As conservation authorities in the Ottawa area warn of low water levels
on area waterways this spring, Environment Canada’s forecast
suggests the lack of rain will continue.
– CTV News
As an aside, it seemed wrong, at first glance, that a lack could continue.
While I might not express it quite that way, it certainly captures the feeling of this absence, dearth, shortage, paucity, and scarcity of rain to say that it will go on, extend, linger, keep up, and otherwise endure.
And so, too, must we.
Rain? Distant mem’ry.
Plants? About to be mem’ries.
Weeds? Growing like weeds.
It seems even wronger that near-drought conditions that are hard on the intentional components of my garden seem to have no effect on the volunteer components, apart from making them even harder to dig out of the baked-down soil.
Don’t yell at me.
I looked at the retired colonel in surprise. I hadn’t raised my voice.
No. But there’s more than one way to yell. Tone and intensity work almost as well as volume.
As one of those touchy-feely types said to me later over dinner, “Yeah, you yelled at him. Next time, think about what’s happening inside.” I don’t think I rolled my eyes. What’s happening inside, indeed.
If I’d been a day earlier this could have been raindrops on roses.
If I’d been a minute later I would have missed the bee.
Is it the great circle of being? The never-ending cycle of life? The grand procession of the seasons?
I dunno, but the tulips, irises, magnolias, and now even the lilacs are pretty much done until next year. Cue the clematis and the poppies.
By the time I got outside this week, the poppies were past their best – but even their second-best is pretty fine.
Seeds lift in the breeze;
pink leather melts into green.
A start and an end.
Put the bottom of the violin under your chin.
Hold the neck of the violin away from you.
Draw the bow back and forth repeatedly
across the strings to make music.
As I remember it, there were several of these silly instruction sets back in the day, but of course I couldn’t find this one. I did find another, attributed to Monty Python.
I know we’re not quite there yet, but what will normal look like?
For some, being able to get back on the links.
For others, feeling not quite so much on the brink.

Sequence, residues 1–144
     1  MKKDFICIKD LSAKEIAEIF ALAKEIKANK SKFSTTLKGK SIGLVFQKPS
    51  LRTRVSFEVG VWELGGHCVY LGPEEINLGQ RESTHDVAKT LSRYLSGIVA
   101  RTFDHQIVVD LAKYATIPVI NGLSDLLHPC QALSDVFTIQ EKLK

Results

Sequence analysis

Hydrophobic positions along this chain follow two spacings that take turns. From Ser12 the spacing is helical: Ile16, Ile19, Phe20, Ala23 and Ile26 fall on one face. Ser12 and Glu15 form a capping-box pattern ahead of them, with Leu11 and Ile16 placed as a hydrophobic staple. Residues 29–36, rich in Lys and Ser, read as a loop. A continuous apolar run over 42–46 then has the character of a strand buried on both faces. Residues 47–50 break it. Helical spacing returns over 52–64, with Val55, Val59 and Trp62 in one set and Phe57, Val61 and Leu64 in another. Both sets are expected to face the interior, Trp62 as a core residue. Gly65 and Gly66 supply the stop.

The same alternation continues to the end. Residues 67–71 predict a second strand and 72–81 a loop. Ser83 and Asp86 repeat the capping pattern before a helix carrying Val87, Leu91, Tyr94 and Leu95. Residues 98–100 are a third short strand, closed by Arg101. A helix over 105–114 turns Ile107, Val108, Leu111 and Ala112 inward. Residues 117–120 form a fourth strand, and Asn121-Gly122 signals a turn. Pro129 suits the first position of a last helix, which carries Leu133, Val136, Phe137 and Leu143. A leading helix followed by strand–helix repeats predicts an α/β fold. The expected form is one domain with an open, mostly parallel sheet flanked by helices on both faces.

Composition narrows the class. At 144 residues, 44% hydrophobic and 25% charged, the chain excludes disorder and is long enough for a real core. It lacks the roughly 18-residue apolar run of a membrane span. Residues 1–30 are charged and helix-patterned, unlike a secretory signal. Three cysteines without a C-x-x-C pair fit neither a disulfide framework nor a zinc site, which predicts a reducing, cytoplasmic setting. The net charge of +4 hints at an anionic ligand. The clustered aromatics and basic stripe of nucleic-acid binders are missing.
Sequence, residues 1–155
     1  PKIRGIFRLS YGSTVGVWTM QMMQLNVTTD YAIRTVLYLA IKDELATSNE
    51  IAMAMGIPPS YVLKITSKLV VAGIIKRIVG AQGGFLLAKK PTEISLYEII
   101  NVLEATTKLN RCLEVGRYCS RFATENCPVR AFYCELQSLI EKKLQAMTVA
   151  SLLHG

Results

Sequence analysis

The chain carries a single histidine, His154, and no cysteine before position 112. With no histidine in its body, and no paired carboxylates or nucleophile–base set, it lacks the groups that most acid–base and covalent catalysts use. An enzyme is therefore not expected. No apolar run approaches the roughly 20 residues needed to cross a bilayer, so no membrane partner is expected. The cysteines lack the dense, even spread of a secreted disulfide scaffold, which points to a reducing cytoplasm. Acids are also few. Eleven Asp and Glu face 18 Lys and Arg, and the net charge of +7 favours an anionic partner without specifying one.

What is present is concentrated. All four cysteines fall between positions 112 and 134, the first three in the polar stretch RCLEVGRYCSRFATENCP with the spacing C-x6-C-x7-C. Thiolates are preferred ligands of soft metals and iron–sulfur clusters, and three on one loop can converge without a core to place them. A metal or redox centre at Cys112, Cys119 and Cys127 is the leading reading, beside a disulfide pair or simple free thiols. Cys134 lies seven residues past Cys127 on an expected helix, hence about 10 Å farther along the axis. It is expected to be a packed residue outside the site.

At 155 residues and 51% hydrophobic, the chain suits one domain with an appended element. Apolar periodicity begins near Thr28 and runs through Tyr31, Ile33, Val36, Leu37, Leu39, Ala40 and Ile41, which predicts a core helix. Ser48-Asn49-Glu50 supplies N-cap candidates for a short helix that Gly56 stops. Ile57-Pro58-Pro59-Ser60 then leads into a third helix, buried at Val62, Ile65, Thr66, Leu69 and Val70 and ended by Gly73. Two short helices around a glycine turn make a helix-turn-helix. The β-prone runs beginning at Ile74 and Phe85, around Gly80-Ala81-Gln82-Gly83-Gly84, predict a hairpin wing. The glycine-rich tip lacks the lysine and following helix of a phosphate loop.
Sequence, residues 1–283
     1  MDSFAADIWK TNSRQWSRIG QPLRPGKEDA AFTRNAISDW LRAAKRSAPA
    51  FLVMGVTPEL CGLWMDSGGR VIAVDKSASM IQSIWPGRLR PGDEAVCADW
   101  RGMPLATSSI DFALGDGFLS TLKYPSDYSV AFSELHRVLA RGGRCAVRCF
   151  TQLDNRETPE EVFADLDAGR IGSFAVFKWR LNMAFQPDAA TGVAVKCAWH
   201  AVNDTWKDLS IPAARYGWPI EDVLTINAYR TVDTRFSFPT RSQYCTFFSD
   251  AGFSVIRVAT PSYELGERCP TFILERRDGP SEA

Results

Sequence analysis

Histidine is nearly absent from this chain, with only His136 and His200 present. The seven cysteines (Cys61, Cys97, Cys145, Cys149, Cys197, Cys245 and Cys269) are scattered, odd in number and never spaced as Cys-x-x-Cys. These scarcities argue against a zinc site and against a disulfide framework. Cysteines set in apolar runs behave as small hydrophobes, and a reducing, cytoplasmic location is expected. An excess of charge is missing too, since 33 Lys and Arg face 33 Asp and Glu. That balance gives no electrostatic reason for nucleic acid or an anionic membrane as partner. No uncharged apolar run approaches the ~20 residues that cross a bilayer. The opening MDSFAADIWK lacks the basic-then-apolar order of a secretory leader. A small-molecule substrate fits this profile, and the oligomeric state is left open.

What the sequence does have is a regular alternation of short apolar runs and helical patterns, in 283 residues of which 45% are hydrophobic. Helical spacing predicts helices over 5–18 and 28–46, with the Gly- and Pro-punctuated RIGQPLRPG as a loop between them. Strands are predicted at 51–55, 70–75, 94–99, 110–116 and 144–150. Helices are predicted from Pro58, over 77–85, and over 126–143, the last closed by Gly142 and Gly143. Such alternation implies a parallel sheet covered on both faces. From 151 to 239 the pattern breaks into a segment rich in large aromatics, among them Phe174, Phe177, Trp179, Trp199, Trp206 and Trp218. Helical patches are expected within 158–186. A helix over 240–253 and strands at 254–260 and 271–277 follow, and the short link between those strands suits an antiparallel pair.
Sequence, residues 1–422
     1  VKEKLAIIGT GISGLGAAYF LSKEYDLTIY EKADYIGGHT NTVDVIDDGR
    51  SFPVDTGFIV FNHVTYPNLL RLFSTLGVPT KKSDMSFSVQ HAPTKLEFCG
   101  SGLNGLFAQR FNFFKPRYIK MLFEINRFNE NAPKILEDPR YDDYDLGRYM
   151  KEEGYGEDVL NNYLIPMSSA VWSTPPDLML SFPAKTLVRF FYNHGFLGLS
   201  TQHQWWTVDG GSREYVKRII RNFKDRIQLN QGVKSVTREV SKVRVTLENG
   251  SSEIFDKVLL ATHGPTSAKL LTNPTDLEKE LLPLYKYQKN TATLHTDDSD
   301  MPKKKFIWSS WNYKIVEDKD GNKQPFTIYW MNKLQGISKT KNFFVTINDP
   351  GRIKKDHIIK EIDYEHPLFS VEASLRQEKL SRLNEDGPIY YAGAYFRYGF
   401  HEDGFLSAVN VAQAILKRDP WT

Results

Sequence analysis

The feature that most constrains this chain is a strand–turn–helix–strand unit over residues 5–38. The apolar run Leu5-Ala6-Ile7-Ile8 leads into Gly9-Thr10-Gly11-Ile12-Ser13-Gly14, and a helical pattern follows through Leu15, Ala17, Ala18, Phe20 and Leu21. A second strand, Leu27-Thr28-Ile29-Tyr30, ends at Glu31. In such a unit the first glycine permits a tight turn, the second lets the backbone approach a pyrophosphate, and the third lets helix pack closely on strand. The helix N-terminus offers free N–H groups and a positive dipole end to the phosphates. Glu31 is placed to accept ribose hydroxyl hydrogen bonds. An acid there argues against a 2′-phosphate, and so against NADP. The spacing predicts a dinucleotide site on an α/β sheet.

For some, getting the kids back into school.
For others, going back to work in an office, or going back to work at all.
I may have mentioned that I am working silly hours at the moment. Maybe once or twice, even. I figure another two weeks and I should be clear.
In the meantime, I do poke my nose outside occasionally. The last time, I found Batman lurking, and both my car’s roof and and my flowering crabapple tree (which almost got carried away by tent caterpillars last year) shedding: raindrops and blossoms, respectively.
Batman lives? And raindrops on (car) rooftops.
It’s all right.
Glass doesn’t stain.
I’m sitting but I still stop in my tracks. He’s absolutely right and I had never thought of it that way before.
The year is oh, I don’t know, 1996 or so. I’m in PEI on a business trip and am taking a few days to tour around because it’s my first time here. (There?) (These point-of-view words are so tricky.) (And when you least expect it.) My first time in PEI.
That’s what AA calls “expectations”: premeditated resentments.
Expectations of how the world should be, expectations of others at home and at work, expectations of how I should be, expectations of being able to enjoy my magnolia tree without squirrelly interference, dagnab it.
When reality does not match your expectations
Adjust your expectations.
So this week, while my expectations of work and the contributions of others are not matching reality, I focused on being grateful for the few magnolia blooms that somehow evaded the local munchers. And for the break from work that this photo-shoot afforded me.